Lets talk about how this system would look If it were moving. Imagine that Cam and Rod are playing photon ping pong across a table, inside of a big space-ship  with a big glass top, so that we can look down on their game. In fact, Lisa (their sibling, but not a twin) is standing on a meteor and watches them play together as they pass.

I'm just going to admit it now: I don't know how to use a computer to make pictures that don't look crummy

Now, to Cam and Rod inside their ship, they can sense no motion. everything around them is still.

But to Lisa, sitting out beyond the moving ship, everything in Cam and Rod’s ship is moving and It’s all moving together, horizontally across the sky.

The blue line (a) is the stationary distance across the Ping-Pong Table, the Red Line (b) is the trajectory of the pingpong ball, as seen by Lisa

Lets discuss the Photon ping-pong ball specifically. It goes up and down between Cam and Rod’s mirror’s, but it also tracks horizontally along with the rest of the ship. Lisa Sees the photon ball take a path that looks like path b in the previous image.

So Lisa has a wristwatch on, and she knows that it takes a photon ball 1 second to move up and down the length of path “a”. It’s clear (from the snake explanation earlier) that  path “b” is Longer than Path “a”… therefore it will take Longer than 1 second (by Lisa’s accounting), for the pingpong ball to return to Cam.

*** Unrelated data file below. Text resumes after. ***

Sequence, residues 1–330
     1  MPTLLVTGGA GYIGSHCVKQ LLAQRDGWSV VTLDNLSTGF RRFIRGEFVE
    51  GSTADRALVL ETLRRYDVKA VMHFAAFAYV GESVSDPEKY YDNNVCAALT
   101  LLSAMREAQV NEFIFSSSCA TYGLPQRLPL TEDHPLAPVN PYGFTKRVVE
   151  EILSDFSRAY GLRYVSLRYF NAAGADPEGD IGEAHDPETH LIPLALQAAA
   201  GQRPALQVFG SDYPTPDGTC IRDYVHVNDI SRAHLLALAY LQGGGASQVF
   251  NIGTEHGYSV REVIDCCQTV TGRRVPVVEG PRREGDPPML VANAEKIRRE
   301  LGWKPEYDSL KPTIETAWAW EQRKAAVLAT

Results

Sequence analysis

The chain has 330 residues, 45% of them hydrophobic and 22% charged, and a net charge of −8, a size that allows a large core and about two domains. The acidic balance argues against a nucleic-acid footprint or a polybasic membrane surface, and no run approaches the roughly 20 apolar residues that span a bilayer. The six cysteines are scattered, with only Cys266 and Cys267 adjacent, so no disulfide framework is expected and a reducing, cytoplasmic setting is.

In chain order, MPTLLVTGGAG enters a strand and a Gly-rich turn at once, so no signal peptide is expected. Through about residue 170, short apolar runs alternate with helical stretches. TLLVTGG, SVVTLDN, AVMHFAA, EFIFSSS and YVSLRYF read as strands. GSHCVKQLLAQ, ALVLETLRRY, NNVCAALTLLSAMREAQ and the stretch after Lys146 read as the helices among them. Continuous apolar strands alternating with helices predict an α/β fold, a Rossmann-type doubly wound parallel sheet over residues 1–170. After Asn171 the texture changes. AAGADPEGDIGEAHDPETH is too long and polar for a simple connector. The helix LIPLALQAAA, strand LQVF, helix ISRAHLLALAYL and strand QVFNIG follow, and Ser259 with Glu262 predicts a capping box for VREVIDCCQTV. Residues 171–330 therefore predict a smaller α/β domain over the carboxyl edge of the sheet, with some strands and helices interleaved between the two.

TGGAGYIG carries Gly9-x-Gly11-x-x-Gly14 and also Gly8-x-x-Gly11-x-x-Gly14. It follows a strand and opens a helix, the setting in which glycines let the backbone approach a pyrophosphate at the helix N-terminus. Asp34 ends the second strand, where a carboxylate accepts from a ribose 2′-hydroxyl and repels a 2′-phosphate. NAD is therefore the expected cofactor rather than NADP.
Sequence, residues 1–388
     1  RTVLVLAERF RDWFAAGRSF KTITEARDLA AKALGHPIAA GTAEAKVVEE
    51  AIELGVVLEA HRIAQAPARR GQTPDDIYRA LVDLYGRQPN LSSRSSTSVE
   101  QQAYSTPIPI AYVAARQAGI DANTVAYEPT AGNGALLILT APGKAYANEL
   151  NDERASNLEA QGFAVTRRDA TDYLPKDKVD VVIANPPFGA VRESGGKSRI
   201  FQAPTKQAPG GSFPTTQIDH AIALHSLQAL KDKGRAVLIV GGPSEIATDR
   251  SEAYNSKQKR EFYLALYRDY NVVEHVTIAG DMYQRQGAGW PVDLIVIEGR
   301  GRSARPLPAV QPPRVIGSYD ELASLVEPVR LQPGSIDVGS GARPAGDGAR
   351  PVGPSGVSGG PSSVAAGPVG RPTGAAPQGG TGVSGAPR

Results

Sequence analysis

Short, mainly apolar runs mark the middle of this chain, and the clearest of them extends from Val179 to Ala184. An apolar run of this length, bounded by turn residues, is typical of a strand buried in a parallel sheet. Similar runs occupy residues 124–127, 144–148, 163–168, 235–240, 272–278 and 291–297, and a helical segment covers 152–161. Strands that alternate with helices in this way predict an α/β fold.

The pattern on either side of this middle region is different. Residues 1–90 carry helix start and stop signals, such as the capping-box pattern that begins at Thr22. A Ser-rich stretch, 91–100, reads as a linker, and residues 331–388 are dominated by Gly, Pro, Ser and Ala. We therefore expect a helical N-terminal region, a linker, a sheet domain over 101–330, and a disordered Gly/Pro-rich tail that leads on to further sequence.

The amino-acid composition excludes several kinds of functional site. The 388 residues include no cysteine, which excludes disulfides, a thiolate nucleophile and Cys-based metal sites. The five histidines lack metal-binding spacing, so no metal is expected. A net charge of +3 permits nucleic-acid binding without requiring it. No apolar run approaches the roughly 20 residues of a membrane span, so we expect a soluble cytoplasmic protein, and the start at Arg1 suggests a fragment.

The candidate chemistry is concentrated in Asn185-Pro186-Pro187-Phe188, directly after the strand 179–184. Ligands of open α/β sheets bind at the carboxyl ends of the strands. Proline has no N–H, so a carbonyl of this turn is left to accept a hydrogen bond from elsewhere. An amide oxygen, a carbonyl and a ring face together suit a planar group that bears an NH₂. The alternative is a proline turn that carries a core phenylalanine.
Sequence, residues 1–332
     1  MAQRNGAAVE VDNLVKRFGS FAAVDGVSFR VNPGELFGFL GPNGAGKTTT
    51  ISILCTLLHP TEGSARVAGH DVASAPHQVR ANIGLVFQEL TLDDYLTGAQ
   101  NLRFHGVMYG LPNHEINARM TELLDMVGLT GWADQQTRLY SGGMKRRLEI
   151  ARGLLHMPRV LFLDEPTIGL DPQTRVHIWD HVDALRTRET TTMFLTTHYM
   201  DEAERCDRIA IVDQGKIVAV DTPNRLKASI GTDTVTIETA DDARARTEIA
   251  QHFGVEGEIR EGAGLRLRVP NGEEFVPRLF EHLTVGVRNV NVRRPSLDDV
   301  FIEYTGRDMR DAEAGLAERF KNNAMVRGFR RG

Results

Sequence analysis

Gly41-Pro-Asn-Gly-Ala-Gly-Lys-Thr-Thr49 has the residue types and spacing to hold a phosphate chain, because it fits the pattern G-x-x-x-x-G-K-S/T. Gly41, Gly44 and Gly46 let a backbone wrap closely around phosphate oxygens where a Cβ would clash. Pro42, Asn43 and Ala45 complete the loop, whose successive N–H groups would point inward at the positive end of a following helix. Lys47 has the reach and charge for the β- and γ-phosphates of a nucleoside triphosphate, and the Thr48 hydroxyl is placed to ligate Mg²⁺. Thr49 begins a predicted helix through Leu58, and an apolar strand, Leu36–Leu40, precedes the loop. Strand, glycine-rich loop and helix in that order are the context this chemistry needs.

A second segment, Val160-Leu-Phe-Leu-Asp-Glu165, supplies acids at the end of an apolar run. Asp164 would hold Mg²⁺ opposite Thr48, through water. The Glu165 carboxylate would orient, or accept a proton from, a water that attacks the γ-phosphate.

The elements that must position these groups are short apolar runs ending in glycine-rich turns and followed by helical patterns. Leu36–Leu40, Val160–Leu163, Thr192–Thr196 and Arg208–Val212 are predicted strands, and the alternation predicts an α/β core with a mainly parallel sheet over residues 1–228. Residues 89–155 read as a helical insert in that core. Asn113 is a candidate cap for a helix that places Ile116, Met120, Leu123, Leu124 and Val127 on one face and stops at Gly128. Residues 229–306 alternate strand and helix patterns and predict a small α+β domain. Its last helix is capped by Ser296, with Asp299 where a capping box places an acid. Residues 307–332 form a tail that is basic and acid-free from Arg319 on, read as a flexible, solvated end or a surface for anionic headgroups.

So here’s the thing. According to this reasoning, as Lisa watches the Clock behind Cam’s head tic-tock; she’ll notice that it seems to be running SLOW. It takes MORE THAN 1 SECOND of Lisa’s time, for 1 SECOND of Cam’s Time to pass.

Holy Hell!

We just showed that Time passes SLOWER for people we see moving. We call this effect Time Dilation. It only really kicks in when you move really close to the speed of light (or if you have a very very accurate clock); but it’s still a very real effect.

next time:

There’s a problem with what i’ve just explained. If you can figure out the problem, email me at ben@sciencesortof.com and if you get it right, i’ll give you a prize…. that is to say, the first person who gets it right who is not a physicist will get a prize. If you ARE a physicist (or at least, if you *should* know the answer) and you get it WRONG, then you’ll have to send me a prize. next week is interesting people!